involved in a title transfer can be undone, [a] court will
not find meritorious the defense of mootness.").
8 We are not persuaded by the City's argument that,
because plaintiff did not seek a temporary restraining order,
preliminary injunction, or stay of the district court's
judgment, plaintiff is precluded from obtaining the relief it
seeks in this action. See, e.g., Zoning Bd. of
Adjustment v. DeVilbiss, 729 P.2d 353, 359 (Colo. 1986)
(the fact that the plaintiff failed to seek preliminary
injunctive relief or a stay of the court's judgment
factored into an analysis of whether a zoning variance
challenge was moot); Putnam v. Fortenberry, 589
N.W.2d 838, 844 (Neb. 1999) (case was moot because a
declaratory judgment could not undo the already-completed
sale of a hospital).
9 Plaintiff filed a notice of lis pendens in accordance with
section 38-35-110, C.R.S. 2017. That filing is, as the
statute provides, sufficient to give "notice to any
person thereafter acquiring, by, through, or under any party
named in such notice, [that] an interest in the real property
described in the notice . . . [might] be affected by the
action described in the notice." § 38-35-110(1);
see Top Rail Ranch Estates, LLC v. Walker, 2014 COA
9, ¶ 76 (notice of lis pendens remains in effect while
an appeal affecting interests in the described property is
pending). Therefore, the filing of the lis pendens is
sufficient to preserve plaintiff's rights while the
appeal is pending.
10 Defendants' reliance on the mootness analysis in
DeVilbiss, 729 P.2d at 358-60, is unavailing. The
supreme court specifically limited its holding to "the
particular facts of [that] case, " id. at 360,
and the facts here are dissimilar from those that drove the
supreme court's ruling. There, an appellate ruling in
favor of the plaintiff would have required the destruction of
a fifty-five-foot-tall, $7.7 million coal loading facility
that already employed 250 people. Id. at 354-55,
360. The prospect of such destruction was an important factor
in the supreme court's mootness analysis. Id. at
358-60. No such concerns are present here. We therefore
proceed to consider the merits of the appeal.
C.R.C.P. 12(b)(5) Dismissal of Claims
Standard of Review
11 A C.R.C.P. 12(b)(5) motion to dismiss tests the
sufficiency of the complaint. In assessing a motion under
that rule, a court must accept all matters of material fact
in the complaint as true and view the allegations in the
light most favorable to the plaintiff. BRW, Inc. v.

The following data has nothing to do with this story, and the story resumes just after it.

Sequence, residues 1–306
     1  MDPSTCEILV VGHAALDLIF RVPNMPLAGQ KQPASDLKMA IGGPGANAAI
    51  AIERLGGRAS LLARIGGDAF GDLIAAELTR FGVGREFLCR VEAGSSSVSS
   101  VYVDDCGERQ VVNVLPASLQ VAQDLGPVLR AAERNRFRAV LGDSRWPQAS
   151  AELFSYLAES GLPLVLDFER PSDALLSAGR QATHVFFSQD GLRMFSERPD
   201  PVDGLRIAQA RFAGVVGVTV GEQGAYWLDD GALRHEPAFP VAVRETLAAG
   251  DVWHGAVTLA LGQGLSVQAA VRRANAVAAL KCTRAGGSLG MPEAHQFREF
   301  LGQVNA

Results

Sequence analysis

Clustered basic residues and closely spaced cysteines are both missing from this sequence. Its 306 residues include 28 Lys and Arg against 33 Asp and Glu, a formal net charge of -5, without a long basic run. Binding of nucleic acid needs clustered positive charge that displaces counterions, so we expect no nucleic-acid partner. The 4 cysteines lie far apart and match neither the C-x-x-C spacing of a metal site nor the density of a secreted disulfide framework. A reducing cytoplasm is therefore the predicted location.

Dufficy & Sons, Inc., 99 P.3d 66, 71 (Colo. 2004).
Such a motion should only be granted when the plaintiff's
factual allegations cannot support a claim as a matter of
12 We review de novo the district court's order
dismissing under C.R.C.P. 12(b)(5) plaintiff's claims for
violation of a dedication of the land for park use, violation
of the city charter, violation of a state statute, and
violation of the Colorado Constitution. State Farm Fire
& Cas. Co. v. Weiss, 194 P.3d 1063, 1065 (Colo.App.
Statutory or Common Law Dedication
13 Plaintiff first contends that the resolution authorizing
the land exchange was an ultra vires act of the City Council
because Cheyenne Park had previously been dedicated as a
public park. According to plaintiff, the dedication was
effectuated either by statute or by operation of the common
law. Plaintiff argues that, as a consequence of the alleged
dedication, the City holds the park in trust for the public
and cannot convey the land within the park. We are not
14 Once a common law or statutory dedication occurs, title
vests in the government body "in its governmental
capacity in trust for the use of the public." City
& Cty. of Denver v. Publix Cab Co., 135 Colo. 132,
139, 308 P.2d 1016, 1020 (1957); Denver & S.F.R. Co.
v. Domke, 11 Colo. 247, 250, 17 P. 777, 778 (1888).
15 Though the complaint alleges that "Strawberry Fields
cannot be alienated in any fashion, " it is unclear
based on the law of Colorado whether a common law or
statutory dedication could theoretically bar a municipality
from conveying the land so dedicated. Compare Publix Cab
Co., 135 Colo. at 139, 308 P.2d at 1020 (holding that
"[o]nce [a] common law dedication occurred[, ] the title
to the [airport's] concourse vested in the City in its
governmental capacity in trust for the use of the public,
" but not discussing rights to alienate such property),
and McIntyre v. Bd. of Comm'rs, 15 Colo.App. 78,
84, 61 P. 237, 239 (1900) (stating that, where a parcel was
dedicated to public use, the City of Colorado Springs could
not "alienate the ground"), with §
31-15-713(1)(a), C.R.S. 2017 (providing that municipalities
have power to "sell and dispose of . . . real property
used or held for park purposes" after approval in an
election), and City of Longmont v. Colo. Oil & Gas
Ass'n, 2016 CO 29, ¶ 62 (rejecting a claim that
the state must hold natural resources in trust for the people
because "we [have not] seen . . . any applicable
Colorado case law adopting the public trust doctrine in this
16 Even assuming that such a bar on alienation might exist,
we conclude that no valid statutory dedication of Cheyenne
Park occurred, and ...